Wade Bowen and Randy Rogers: Inside Their Annual Tour - Rolling Stone
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How Wade Bowen, Randy Rogers Turned Freewheeling Tour into Annual Tradition

Texas country artists launched their very first Hold My Beer Tour 10 years ago

Randy Rogers, Wade Bowen

Randy Rogers and Wade Bowen marked 10 years of their joint Hold My Beer Tour this year.

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Randy Rogers and Wade Bowen have never been ones to overthink things when they get together. These are two guys who named their freewheeling acoustic shows the Hold My Beer and Watch This Tour, after all. This summer, they staged another Hold My Beer Tour to commemorate its 10th anniversary and will wrap up a spin-off of sorts – the Tall Tales & the Truth Tour – with special guest Kip Moore Thursday night in New York.

“It all started with just Randy and I and our guitars telling stories and having fun. We were just doing shows together. We were too young and ignorant to brand it,” says Bowen. He first started playing acoustic gigs with Rogers 15 years ago, before they’d come up with the Hold My Beer name. “Bringing other people in is something brand new to this thing and I love the idea. We can take our friendship and expand it.”

Fittingly, the idea to include Moore came over a beer on Rogers’ tour bus at one of Bowen’s annual benefit concerts in Texas. And Rogers and Moore have known each other since they were labelmates at MCA Nashville. “He played my charity event back in June out of the goodness of his heart. He was dog tired, got an hour of sleep, played his show and had to fly out the next morning for Nashville,” says Bowen of the Slowheart singer-songwriter, who has written with Moore. “Part of the idea was to get together once a year and not only play shows but knock around new stuff.”

Neither Rogers nor Bowen shy away from their admiration for some of country’s most famous buddy albums, like Waylon Jennings and Willie Nelson’s Waylon & Willie or George Jones and Johnny Paycheck’s Double Trouble. “If you look at guys like Robert Earl [Keen] and Lyle Lovett, they’re old buddies since college and they do these kind of shows and they do them in these huge theaters and unbelievably nice places,” says Bowen. “I think that’s the goal for Randy and I as we get older. But for now, I love that we can go pretty much anywhere we want to go with this show and people pay attention and listen.”

Having already spawned one studio album together, 2015’s Hold My Beer Vol. 1, the pair appreciate the benefits of such collaborations. “It allows us to write things we wouldn’t necessarily write for own projects,” says Rogers. “Duets have been going on in country music for a long time and it’s fun to carry the tradition on. But it’s also an exercise of the brain. Trying to write a duet for two guys is pretty tough. There’s only a select few things you can talk about. It’s almost comedy.”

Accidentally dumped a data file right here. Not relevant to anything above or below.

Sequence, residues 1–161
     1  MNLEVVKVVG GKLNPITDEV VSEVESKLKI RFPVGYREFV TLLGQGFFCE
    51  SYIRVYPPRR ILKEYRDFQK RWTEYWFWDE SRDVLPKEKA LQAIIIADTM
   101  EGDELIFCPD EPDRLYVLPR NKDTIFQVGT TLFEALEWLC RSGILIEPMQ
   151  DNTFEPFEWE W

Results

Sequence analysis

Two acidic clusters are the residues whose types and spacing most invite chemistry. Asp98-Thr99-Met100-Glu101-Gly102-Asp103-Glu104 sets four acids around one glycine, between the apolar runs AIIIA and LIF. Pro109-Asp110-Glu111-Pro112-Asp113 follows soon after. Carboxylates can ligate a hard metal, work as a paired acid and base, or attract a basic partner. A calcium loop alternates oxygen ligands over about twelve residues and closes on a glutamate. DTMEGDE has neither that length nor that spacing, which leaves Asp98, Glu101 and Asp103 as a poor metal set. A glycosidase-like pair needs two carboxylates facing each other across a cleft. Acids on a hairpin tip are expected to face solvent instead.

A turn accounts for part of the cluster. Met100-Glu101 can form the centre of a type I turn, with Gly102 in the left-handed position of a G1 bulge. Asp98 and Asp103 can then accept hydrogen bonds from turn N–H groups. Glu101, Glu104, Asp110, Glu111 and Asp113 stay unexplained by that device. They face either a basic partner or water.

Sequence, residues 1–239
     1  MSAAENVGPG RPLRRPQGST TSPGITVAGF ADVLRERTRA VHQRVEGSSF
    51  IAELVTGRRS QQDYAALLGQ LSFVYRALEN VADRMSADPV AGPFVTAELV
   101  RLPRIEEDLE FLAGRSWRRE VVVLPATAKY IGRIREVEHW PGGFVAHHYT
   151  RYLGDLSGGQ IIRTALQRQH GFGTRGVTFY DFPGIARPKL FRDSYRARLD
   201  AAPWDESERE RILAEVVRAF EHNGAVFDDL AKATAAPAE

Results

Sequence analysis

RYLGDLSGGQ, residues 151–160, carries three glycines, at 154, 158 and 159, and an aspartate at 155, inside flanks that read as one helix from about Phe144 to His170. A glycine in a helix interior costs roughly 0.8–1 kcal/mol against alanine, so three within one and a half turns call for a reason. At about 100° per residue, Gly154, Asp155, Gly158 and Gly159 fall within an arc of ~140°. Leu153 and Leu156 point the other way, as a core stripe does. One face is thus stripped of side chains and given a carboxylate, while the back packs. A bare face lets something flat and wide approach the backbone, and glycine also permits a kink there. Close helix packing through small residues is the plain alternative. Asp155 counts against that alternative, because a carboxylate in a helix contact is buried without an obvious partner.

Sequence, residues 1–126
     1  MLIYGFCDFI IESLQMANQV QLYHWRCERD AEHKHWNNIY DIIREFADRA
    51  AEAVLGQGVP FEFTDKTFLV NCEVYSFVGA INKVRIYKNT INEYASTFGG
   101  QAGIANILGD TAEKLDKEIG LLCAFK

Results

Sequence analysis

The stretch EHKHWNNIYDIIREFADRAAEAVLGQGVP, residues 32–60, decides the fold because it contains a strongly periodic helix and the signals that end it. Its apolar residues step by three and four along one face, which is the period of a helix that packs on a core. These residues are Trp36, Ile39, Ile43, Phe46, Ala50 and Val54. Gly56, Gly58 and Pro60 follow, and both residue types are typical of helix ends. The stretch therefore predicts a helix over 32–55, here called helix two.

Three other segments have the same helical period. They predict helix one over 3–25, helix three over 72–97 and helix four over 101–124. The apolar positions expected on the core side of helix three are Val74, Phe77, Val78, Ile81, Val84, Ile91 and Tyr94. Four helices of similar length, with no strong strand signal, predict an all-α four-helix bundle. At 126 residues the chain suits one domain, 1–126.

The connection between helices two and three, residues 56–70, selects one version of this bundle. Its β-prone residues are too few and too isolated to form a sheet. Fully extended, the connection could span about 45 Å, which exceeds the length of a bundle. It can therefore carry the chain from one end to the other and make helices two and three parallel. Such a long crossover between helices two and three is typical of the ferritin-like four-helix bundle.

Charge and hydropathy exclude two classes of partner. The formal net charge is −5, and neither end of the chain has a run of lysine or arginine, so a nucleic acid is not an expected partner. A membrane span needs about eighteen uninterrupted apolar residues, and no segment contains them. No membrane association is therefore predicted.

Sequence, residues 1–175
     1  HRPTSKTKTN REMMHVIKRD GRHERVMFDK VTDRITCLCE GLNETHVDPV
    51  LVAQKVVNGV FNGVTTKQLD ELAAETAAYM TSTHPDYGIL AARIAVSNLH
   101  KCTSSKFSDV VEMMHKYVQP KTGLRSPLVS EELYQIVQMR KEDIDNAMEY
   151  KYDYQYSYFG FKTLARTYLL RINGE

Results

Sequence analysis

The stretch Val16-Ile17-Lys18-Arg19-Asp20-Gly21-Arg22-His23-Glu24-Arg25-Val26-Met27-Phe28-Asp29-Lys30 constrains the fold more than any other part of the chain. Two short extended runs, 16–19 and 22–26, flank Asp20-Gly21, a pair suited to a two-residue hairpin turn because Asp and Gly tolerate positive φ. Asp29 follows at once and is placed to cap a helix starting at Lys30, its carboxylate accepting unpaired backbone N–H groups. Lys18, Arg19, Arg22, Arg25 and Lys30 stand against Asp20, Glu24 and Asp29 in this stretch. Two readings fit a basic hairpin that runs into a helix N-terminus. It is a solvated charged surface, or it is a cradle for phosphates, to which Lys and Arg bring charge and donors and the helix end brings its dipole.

Since Hold My Beer Vol. 1, Rogers and Bowen released their first live album, Watch This — “We could release live recordings forever. We’ve recorded a ton of stuff,” says Bowen — and intended to return to the studio this year but put those plans on hold while they each focused on new solo records. Bowen will release Solid Ground in February; Rogers is eyeing the spring for his still untitled project.

Meanwhile, the success of their collaborative Vol. 1 has encouraged the guys to dip their toes into the business world: they secured the trademark to the phrase “hold my beer and watch this.”

“We were very surprised no one owned that,” says Rogers, pointing specifically to merchandising options outside of future recordings. “We took all the necessary steps to protect ourselves with the brand and now we can move forward with bigger and better plans.

“Wade and I are just more grown up than we were in our 20s,” he continues. “We figured we’d search it out, and if we’re going to invest the time and money, then we need to ensure we had our asses covered.”

If that seems like a 180 from the pair’s more informal origins, it’s only partially correct: covering their asses has always been one of their shared goals. “The whole reason Wade and I got into this and became friends was to have each other’s backs. [We] just had honesty in all our business dealings. If I got offered a deal, I’d show it to Wade. If a club owner screwed me over, I’d let Wade know,” says Rogers. “Like the song says, ‘All you need is one good friend.’ You gotta find yours.”

In This Article: Randy Rogers Band, Wade Bowen


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